Sam King is an entrepreneur, an enterprising Sierra Leonean who isn’t scared to put his money where his mouth is, much so that he is often accused of spreading himself thin.
Long before he built Kimbima Hotel (which has been taken over by the Social Security Trust – NASSIT), he had made a name for himself running a successful stationery shop in downtown Freetown. Today, it feels like he has come full circle as this is where he spoke to Visit Sierra Leone.
Following on from Kimbima Hotel, he proceeded to construct a building on Lumley Beach which he had hoped would be taken up by the UN. Unfortunately, this fell through and as a result Taia Resort was born. Convinced he had a winning formula, he built another lodge in Taiama which he marketed as a retreat for individuals and organisations. It was after this that the idea of constructing a chain of hotels around the country must have struck him. They were to be called “Leone Lodge”.
He set out to get financial backers and at the same time commenced construction of the lodges. After all financiers want to see that you are putting your own money into the venture. Sadly, the financial backers he had relied on opted out of the deal, leaving him with incomplete lodges dotted around the country and interest rates to kill any business with little income. “I couldn’t believe it” he said. “My plan was to build quality lodges all around the country. This was to serve professionals, corporate visitors and tourists. I really wanted to help with tourism development”.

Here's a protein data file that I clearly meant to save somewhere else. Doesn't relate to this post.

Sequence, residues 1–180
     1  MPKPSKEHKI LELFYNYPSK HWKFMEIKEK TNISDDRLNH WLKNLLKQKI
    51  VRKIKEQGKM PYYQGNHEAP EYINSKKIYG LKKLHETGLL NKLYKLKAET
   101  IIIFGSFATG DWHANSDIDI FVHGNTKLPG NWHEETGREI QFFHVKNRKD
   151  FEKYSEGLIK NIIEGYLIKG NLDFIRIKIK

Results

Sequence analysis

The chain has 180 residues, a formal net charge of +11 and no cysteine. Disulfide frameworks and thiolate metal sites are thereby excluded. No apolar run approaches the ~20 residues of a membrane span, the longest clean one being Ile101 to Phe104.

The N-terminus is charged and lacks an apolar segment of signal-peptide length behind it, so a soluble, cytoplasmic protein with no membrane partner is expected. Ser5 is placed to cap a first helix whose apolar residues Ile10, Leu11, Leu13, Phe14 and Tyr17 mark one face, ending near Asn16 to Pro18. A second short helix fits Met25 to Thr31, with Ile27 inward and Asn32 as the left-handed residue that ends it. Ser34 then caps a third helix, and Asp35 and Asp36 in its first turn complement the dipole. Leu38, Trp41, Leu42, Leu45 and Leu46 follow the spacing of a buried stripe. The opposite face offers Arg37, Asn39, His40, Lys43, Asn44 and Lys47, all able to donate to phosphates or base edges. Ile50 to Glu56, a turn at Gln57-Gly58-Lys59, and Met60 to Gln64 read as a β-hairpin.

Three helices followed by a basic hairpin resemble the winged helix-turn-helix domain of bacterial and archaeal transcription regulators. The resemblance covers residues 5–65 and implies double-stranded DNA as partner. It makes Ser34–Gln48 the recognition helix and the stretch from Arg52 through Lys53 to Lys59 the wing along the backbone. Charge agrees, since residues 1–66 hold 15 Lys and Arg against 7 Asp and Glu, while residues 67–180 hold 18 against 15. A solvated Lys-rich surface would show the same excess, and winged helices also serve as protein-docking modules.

He had been facing challenges before that. There were operational issues, “we must have gone through ten generators since 2009”. With no power on Lumley beach, business along that route have to generate their own power. There were management issues – finding quality management proved difficult. He couldn’t and never planned to have to micromanage the hotel’s operations. And of course, there was the 28% interest rate on loans. He was to go back and try to renegotiate with the banks.
As if that was not enough, Ebola struck in 2014 and after a couple of months, similar to some other establishments, he decided to close his hotel. “Operational costs were too high and there were times we were almost at 0% occupancy.” The tourists were gone, the events were gone, no more conferences or banquets, so Sam King was forced to retreat, consolidate and rethink. This is not an uncommon occurrence for entrepreneurs. He went back to focus on his stationery business which he felt he had neglected whilst chasing the hotel chain dream and is now plotting a way forward.
With Ebola significantly reduced from what it was a few months ago and life slowly returning to normal, he has reopened Leone Lodge on Lumley Beach. Having heard some rumor that he was looking to sell off the hotel, I put the question to him. “I am always open to partnership opportunities from Sierra Leone or outside, a good management team. If it so happens that as a last resort, I need to sell the hotel then I will do so. There is no emotional attachment that will stop me doing that. I am a businessman, I build businesses but it doesn’t mean I have to hang on to them”.
Leone Lodge is back open for business. Good luck Mr King.